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Codependency & Relationships

Most of us have had times in our relationships where we struggle to feel as though we’re our own person. As we get older and more defined by our relationships, we can lose sight of who we are and only see ourselves as a wife, a husband, a partner, a mother, and so on. Codependency at its core hinders one's ability to have a healthy, fulfilling relationship with another person.

relationship counseling can help with codependancy!

What is codependency?


Codependency in relationships can show up in an array of different ways. Some examples may include:

  • Being unable to tell other people “no” for fear of them being upset with you

  • Rejecting your needs for the needs of your partner

  • Avoiding arguments or disagreements to “keep the peace”

  • A feeling of rejection when your partner or friend does something without you

  • Feeling responsible for another person’s emotional response or behavior

And so on, and so forth. All of these behaviors may seem completely valid in the moment when you’re avoiding a fight or struggling to be alone, but they contribute to the codependent nature of your relationships. Codependency is talked about mostly in terms of romantic relationships, but those with a codependent nature can see these patterns show up in their friendships and familial relationships as well.


Don’t get codependency confused with people-pleasing behaviors. Both can be detrimental to your mental health, but they are unique. The rule of thumb is that all codependent people are people-pleasers, but not all people-pleasers are codependent. Codependency is more extreme and usually someone that is codependent battles with feeling as though they can’t function without another person.


What can I do to stop myself from being codependent?

Therapy can be great if you believe you are experiencing codependency.

The good news is that if you recognize yourself in this blog post, there are some steps you can take to try and combat this codependent relationship. My first recommendation, of course, is therapy. Nothing beats an unbiased third-party telling you if what you’re experiencing is codependency or not. If you’re not ready to take the plunge and start therapy, that’s okay too. There are some things you can do.

  • Recognize the importance of noticing codependent behaviors. Codependency is a learned behavior, and sometimes it’s a survival skill based on attachment styles.

  • Work on building your self-esteem. If you know that you are a complete and wonderful person without someone else, it’s easier to fight those codependent urges.

  • Create and respect boundaries. If your partner does something that bothers you, communicate with them and set a boundary in your relationship. It might be scary, but it will help you build stronger boundaries in the future.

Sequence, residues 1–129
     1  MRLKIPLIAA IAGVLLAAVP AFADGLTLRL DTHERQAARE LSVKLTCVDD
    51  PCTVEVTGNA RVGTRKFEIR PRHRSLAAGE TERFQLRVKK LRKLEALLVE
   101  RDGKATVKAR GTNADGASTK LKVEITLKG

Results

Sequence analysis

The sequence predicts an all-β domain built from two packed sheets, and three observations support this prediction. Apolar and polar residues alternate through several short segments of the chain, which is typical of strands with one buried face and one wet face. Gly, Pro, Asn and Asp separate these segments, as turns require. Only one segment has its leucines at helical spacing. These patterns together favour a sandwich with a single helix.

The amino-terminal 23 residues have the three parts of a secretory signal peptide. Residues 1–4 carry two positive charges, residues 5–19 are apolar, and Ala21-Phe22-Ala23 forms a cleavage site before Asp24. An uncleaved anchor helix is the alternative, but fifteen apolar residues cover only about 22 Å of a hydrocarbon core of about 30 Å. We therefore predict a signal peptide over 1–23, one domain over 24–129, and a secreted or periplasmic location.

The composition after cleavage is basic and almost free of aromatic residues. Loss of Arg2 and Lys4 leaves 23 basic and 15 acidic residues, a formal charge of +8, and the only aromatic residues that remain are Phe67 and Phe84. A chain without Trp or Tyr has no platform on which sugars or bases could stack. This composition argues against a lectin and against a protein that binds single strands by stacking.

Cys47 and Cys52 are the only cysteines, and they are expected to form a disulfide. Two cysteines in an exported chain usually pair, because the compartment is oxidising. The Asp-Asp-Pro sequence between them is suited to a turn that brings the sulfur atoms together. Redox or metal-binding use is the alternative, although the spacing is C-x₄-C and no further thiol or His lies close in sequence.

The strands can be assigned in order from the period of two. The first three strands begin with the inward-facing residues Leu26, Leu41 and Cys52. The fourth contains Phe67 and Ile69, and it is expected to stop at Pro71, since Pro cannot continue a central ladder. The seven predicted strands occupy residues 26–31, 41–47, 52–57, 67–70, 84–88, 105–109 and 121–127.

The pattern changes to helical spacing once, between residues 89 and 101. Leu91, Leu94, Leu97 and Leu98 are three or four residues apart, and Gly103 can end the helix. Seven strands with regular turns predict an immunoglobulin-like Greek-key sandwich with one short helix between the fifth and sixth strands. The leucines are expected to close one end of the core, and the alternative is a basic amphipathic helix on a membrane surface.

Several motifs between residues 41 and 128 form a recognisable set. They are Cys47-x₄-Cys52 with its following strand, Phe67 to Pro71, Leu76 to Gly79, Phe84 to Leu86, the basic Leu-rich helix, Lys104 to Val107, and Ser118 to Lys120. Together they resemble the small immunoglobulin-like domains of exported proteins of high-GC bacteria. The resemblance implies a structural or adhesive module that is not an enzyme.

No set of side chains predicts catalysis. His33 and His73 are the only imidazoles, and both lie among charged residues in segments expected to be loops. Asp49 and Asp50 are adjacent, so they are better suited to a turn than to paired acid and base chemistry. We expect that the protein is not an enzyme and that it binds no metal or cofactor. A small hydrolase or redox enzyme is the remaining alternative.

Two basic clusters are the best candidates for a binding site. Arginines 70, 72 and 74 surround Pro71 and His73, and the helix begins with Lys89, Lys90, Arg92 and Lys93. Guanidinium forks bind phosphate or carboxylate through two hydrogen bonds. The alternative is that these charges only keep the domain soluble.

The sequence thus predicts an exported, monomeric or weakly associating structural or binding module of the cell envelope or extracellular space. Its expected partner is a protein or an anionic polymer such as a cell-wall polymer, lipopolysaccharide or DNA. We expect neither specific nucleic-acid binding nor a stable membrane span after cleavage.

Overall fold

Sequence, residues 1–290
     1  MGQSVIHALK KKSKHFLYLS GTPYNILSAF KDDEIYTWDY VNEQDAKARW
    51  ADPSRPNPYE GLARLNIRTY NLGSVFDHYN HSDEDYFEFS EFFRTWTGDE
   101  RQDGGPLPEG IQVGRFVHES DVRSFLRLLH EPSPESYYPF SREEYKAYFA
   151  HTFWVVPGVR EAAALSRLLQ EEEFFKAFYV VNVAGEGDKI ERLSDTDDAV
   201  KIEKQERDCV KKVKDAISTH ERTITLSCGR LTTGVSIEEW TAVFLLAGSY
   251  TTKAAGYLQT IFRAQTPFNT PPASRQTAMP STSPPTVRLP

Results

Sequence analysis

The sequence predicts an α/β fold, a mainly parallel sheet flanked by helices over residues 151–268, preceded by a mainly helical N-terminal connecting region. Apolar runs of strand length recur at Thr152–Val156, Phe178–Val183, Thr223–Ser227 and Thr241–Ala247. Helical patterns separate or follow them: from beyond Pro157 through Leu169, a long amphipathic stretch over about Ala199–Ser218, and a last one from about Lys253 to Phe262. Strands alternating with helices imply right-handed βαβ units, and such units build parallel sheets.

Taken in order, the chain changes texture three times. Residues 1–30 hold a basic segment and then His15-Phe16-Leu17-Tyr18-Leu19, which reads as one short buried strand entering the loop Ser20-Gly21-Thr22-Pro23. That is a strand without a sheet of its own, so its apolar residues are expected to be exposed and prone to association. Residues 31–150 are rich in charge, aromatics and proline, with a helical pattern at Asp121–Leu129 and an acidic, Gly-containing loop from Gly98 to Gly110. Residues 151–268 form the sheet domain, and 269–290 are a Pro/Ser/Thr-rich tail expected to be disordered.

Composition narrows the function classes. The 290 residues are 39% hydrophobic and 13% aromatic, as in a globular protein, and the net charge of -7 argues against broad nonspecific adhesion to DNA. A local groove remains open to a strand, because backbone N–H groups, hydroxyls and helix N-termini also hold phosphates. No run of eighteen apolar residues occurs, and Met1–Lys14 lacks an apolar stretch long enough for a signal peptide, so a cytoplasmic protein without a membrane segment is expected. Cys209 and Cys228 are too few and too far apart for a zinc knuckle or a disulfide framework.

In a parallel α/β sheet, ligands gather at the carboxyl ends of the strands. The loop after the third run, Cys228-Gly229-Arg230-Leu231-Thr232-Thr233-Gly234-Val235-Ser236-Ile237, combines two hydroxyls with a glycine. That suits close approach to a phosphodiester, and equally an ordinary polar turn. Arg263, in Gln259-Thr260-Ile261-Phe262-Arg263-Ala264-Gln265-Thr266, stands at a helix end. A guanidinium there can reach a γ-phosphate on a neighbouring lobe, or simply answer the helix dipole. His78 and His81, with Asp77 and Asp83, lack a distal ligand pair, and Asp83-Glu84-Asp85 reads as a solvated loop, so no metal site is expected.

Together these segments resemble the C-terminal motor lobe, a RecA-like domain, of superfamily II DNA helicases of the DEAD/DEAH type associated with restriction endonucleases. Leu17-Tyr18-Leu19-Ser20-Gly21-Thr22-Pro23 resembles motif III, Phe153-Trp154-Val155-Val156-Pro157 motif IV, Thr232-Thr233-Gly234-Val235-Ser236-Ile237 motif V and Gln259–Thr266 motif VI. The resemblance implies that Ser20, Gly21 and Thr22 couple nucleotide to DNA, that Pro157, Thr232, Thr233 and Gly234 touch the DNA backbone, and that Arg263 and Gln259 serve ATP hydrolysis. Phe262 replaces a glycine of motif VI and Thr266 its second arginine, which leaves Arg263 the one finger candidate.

• Use assertive communication. Be clear and direct when setting your boundaries. Use “I statements” (I feel __ when you __ ). Your voice deserves to be heard.

  • Build your identity. Instead of thinking of yourself as a partner, or a mother, or a friend, figure out who you are outside of those roles. What do you like to do in your free time? What’s a goal you had for yourself before you started this relationship?

The most important thing I can say when battling with codependent tendencies is to give yourself room to slip. This is a marathon, not a sprint. There will be times when you struggle to set boundaries or can’t think of why you shouldn’t bend to someone else’s will. Maybe you want to avoid conflict and live in a world where no one is upset at you. Sometimes it might be easier to think like that. However, you’re not being true to yourself if your entire worldview is shaped by someone else and their needs.


If you and your partner are struggling with codependency, or if you’re struggling with it alone, therapy can provide a safe place for you to discuss your feelings. A counselor can help you work on those assertive communication skills and can help you set firm boundaries.




Shelby Case is a new therapist at Mindsight Louisville! Shelby's favorite things include spending time with her animals and her spouse, watching television (currently they are watching Big Brother), and taking road trips. When she isn't providing therapy to clients, she can be found playing video games (her favorite is The Sims 4) or spending too much money at a thrift store. Shelby's favorite color is green and her guilty pleasure is reality TV shows.



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